The drama, then, in this first section – about one third of the book – is the reaction to the inevitable destruction: saying goodbye to all that has been, to friends, lovers, family, while building something for the future. This comes to a climax in that rain of fire, witnessed by Dinah’s father at his remote mining camp in Canada and by Ivy’s fiance before his nuclear sub dives beneath the ocean.  In between we have the heartrending “Vigil for the End of the World” from Notre Dame in Paris where musicians play continually until the sky, literally, falls in.

And of course there is also selfishness, chicanery and attempts to carry the rivalries and flaws of Old earth into the future.  In a grimly credible scene, Ivy is replaced as Commander of the International Space Station because… well, because she’s not a man.

Stephenson builds up a lot of momentum with this story which he carries into the next section, where the orphaned human race – several hundred of them – must survive.  It’s very much a story of space derring-do, with some surprises, especially from the continuing vein of old-Earth politics that has infected the Cloud Ark. At the end, in a scene of almost religious weight and significance, the survivors make plans for the future and choose the fate of their descendants

There is then a jump – those 5000 years! – to see what the choices came to, with earth being recolonized but humanity, in the meantime, comfortable settled in a space “habitat ring” around the planet. I’ve seen some reviewers confess to difficulty with this jump, and of course one does then have to pick up new characters, indeed pretty much a new story, the story of Kath Two, an explorer who teams up with a representative cross-section of the human races (the descendants of each of those ancestors) to investigate a mystery on Earth.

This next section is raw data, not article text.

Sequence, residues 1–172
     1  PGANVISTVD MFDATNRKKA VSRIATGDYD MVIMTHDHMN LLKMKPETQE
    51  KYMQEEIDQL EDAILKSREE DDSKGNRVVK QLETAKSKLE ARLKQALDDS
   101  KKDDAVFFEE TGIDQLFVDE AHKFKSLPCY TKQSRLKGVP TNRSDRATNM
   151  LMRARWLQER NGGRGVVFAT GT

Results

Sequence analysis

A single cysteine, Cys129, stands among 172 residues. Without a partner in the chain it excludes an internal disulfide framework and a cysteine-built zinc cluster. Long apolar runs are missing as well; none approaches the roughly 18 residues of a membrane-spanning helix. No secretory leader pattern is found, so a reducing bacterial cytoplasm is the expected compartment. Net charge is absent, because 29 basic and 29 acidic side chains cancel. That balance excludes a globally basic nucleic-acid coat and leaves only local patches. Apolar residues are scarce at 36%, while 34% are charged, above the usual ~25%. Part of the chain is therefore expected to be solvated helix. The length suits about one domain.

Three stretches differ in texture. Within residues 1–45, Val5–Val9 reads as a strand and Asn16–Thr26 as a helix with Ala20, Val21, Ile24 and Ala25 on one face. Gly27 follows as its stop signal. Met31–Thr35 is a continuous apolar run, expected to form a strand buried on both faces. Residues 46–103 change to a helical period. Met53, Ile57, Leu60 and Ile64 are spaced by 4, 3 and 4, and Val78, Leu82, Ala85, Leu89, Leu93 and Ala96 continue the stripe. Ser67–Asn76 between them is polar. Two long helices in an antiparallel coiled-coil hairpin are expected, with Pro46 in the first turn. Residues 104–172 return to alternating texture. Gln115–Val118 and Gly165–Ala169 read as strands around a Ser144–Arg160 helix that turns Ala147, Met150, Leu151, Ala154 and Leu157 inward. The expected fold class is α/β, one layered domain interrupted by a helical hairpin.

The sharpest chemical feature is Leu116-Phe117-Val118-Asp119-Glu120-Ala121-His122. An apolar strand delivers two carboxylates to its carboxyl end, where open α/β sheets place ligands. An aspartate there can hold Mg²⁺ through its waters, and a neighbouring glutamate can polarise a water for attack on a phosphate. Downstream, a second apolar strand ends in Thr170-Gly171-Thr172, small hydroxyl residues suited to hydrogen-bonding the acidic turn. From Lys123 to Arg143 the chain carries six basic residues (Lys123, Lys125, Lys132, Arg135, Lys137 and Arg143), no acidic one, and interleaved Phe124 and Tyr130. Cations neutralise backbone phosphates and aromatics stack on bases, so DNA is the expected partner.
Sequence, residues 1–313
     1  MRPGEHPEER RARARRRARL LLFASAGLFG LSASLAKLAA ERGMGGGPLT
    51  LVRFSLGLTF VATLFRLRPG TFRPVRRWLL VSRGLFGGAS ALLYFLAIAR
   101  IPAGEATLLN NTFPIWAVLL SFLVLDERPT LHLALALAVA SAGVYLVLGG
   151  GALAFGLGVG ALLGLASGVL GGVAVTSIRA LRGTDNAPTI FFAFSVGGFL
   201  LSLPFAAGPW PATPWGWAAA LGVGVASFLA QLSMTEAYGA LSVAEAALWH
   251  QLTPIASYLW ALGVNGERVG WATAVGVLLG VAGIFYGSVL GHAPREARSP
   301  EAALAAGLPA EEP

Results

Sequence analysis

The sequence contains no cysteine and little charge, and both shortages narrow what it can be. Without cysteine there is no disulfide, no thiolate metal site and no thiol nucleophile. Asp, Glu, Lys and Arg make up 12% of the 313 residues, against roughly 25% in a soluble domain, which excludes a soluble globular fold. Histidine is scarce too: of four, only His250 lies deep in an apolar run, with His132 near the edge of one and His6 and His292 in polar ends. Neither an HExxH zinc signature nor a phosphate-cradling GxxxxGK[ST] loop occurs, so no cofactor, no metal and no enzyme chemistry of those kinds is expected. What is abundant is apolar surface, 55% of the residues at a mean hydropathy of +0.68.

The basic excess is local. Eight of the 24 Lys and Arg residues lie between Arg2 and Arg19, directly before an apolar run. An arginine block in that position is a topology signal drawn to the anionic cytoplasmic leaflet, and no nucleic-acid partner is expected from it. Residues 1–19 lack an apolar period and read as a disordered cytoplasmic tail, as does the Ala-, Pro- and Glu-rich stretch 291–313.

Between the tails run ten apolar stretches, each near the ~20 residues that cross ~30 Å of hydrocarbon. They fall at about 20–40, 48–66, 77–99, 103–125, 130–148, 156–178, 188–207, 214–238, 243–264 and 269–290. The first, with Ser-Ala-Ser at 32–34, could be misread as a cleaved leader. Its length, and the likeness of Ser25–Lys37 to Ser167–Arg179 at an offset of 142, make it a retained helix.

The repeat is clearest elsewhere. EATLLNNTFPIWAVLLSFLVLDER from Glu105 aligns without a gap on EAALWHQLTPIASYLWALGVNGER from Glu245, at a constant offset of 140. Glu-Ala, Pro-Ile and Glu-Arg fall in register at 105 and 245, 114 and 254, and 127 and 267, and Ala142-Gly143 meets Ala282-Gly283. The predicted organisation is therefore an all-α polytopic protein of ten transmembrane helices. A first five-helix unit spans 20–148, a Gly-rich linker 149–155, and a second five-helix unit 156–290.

For my part, I found this fairly easy at the story level. The new characters are engaging and Stephenson lays enough plot trails in the first two parts of the book to reward the reader for spotting connections and consequences, while back some real surprises about how things turned out (I’ll just say that not everything in the future is rosy). My enjoyment was slightly diminished by a nagging feeling that the first two parts had only been written as a set-up for the third, and that the ending just couldn’t be substantial enough to justify that. However, in the end I think that Stephenson manages to pitch the later part of the story at just the right level – there is less science and more action in this part, which is mainly set on Earth itself – and delivers a thrilling conclusion. (It was also fun to see some signature  features from his earlier books, such as the beneficient secret society that thinks it has an inside track on history, recur.  I wonder if he might be setting up a sequel?)

To sum up, this is an excellent, enjoyable read. It is long – but by the end you’ll wish it was longer.

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David blogs at Blue Book Balloon. A former physicist, he is married to a vicar and lives by a village green sometimes used to film Midsomer Murders, but has, against the odds, survived so far. David works in tax but promises he isn’t going to bring that up here.

Neal Stephenson, Seveneves (Borough Press: London, 2015). ISBN: 978-0-00-813251-4, 861pp., hardback.